The second is their noetic quality. Mystical states are states of knowledge, unique in that they represent truth that cannot be plumbed by the intellect. Rather than learned, they are revealed. Mystical states are more convincing than any lecture or book because of this first-hand experience.
 
They are also transient, in that they cannot be sustained for long. Muhammad had to journey to the mountain several times to receive revealed truth. Also there is a certain passivity about mysticism. Where certain practices such as breathing exercises, mantras or fixing the attention within can induce the trance-like state, once it is in process the mystic feels “as if his own will were in abeyance, and indeed sometimes as if he were grasped and held by a superior power.”
 
Mystical states always linger in the memory, and the subject is left permanently altered by their profound sense of importance, his inner life forever transformed. Using these criteria we can see how the founders of all religions were mystics. Christ was led into the wilderness where he was tempted by the devil. Buddha meditated for 49 days beneath the Bo tree until enlightenment was achieved. Muhammad’s inspirations on the mountain. Moses’ experiences with the burning bush, where he heard the voice of God and received the commandments.
 
These experiences may differ in their particulars, but all shared the same basic feature: they are instances of revealed truth gained by first-hand experience with a superior power which although appearing without (externally, in voices or visions, which the mystic attributes to God) are actually manifestations of the Divine whose source resides within.
 
Betwixt the sage and the scholar stands the often-insurmountable barrier of thought. The scholar deals in it, thought is the intellectual's hard and fast currency; the philosopher and person of letters consider concepts before setting them down in composition. In contrast, the sage, who is also the mystic, sits firmly and yet tranquilly in the silence itself. He goes beyond thought. Try it sometime. How to do so? The mystical writings of ancient India shed light on the time-honored practice.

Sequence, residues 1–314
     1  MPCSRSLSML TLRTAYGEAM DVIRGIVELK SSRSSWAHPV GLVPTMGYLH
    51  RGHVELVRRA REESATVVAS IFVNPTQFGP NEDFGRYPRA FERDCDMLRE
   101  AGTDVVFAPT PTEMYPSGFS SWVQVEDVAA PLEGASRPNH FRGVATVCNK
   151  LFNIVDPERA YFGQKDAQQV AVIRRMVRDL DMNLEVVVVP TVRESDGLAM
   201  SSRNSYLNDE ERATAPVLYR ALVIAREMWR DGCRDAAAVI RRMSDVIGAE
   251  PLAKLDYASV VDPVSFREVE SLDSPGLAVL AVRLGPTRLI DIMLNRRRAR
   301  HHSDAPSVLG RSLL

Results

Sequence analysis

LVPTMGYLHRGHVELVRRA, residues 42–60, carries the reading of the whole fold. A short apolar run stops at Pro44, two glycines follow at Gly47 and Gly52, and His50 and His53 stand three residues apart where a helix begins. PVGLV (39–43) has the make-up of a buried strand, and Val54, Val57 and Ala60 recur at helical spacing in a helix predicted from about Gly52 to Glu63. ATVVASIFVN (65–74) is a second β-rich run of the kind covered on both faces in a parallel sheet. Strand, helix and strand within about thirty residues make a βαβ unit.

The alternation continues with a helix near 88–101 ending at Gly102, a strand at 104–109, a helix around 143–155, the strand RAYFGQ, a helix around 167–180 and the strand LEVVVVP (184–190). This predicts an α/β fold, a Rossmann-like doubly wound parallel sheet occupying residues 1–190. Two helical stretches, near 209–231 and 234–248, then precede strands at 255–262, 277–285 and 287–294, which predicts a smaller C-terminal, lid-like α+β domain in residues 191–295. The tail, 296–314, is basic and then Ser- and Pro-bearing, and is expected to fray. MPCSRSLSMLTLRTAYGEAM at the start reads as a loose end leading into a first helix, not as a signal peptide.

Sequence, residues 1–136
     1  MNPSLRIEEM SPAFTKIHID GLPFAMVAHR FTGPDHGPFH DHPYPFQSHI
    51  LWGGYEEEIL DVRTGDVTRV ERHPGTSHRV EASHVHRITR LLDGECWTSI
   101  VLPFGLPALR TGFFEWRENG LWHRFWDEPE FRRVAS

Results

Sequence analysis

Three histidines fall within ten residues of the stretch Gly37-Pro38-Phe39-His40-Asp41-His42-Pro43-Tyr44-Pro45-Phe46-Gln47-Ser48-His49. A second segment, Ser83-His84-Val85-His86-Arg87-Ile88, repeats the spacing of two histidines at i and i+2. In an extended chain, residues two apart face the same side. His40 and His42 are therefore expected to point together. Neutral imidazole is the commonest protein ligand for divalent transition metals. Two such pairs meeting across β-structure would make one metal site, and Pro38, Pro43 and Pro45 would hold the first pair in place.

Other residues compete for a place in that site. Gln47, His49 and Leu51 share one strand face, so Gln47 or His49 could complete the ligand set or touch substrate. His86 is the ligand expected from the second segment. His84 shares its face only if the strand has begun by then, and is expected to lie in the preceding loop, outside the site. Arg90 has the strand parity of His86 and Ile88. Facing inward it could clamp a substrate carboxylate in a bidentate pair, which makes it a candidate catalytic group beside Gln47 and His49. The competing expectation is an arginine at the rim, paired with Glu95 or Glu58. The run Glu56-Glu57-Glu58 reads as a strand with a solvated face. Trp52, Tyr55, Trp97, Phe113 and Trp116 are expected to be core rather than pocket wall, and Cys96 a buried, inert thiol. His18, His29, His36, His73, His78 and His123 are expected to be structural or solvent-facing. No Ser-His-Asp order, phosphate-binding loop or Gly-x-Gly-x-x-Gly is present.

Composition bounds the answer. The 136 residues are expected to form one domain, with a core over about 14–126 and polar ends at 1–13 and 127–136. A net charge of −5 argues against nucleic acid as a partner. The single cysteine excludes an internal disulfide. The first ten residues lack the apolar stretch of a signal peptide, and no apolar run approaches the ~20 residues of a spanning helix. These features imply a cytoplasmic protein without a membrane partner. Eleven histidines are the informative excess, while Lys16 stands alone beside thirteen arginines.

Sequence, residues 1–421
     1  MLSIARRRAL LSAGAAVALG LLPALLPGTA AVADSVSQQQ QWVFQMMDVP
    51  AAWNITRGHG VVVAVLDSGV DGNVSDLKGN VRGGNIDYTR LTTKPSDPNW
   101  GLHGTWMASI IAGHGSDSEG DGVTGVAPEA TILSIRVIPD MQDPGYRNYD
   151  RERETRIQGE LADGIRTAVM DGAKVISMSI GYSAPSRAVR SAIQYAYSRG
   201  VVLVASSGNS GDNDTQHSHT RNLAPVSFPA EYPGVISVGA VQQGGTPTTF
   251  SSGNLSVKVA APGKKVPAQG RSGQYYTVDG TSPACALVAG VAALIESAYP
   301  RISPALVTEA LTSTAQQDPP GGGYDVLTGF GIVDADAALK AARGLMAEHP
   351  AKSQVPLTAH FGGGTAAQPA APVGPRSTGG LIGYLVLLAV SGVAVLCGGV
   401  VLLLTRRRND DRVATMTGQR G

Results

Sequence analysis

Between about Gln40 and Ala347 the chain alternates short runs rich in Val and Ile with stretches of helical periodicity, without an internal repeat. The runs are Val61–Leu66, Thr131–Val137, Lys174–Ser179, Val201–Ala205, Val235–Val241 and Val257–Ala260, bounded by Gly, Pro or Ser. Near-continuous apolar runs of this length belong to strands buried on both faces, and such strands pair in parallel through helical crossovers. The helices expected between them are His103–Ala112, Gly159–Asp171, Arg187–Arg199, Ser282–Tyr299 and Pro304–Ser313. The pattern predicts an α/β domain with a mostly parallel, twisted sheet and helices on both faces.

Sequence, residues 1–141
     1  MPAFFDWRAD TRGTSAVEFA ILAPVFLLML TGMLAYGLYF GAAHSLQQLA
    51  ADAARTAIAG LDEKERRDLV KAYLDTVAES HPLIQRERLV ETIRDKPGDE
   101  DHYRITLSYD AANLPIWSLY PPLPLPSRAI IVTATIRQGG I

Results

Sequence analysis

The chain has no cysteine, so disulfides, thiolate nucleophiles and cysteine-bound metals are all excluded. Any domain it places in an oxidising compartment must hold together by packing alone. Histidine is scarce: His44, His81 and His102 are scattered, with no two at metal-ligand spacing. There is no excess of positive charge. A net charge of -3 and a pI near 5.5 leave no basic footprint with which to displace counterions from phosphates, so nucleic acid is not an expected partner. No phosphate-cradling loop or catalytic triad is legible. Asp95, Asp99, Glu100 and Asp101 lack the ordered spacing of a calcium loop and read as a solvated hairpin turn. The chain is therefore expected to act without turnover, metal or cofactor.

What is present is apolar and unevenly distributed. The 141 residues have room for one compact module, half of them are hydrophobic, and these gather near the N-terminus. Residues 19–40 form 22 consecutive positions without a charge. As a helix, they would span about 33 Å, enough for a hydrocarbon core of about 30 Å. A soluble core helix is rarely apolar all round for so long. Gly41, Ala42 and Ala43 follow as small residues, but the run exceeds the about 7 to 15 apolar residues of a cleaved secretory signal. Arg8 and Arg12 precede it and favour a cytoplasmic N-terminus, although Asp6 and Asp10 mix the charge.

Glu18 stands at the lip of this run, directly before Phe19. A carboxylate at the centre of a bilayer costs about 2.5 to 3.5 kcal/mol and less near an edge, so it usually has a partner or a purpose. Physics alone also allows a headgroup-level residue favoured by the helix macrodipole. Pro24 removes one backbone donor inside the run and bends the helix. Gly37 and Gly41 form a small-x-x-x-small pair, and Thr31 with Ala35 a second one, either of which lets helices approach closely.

It says in the Chandogya Upanishad: "All shall be ours if we but dive deep within, even to the lotus of the heart, where dwells the Lord."
 
And more precisely in the Swetasvatara Upanishad: "To realize God, first control the outgoing senses and harness the mind. Then meditate upon the light in the heart of the fire - meditate, that is, upon pure consciousness as distinct from the ordinary consciousness of the intellect. Thus the Self, the Inner Reality, may be seen behind physical appearance."

This new religion is universal and yet it is also individual, for the One Reality dwells equally within every heart.

Oh, and what of the 15% of humans worldwide who do not follow an organized religion? Are these freethinkers the truly evolved? Reluctance to follow a prescribed set of norms and worship a personalized God may indicate spiritual progress, rebellious as it may seem, and however surreptitiously. For who considers the atheist a holy person? Perhaps many of the nondenominational minority, who nevertheless number over 1 billion persons worldwide, are worshipping at the altar of the heart, where sits the Self, Lord of all. If so, they stand up there on the hill right beside Moses and Muhammad and other pioneers and prophets. Which isn't such a bad place to be.

Thursday, June 25, 2015

REST IN THE ETERNAL

We are about to embark on a quest for truth, the eternal wisdom, that treasure hidden in the center of the soul. Our goal is union with the divine. The question we shall answer: “What is that by which all else is known?”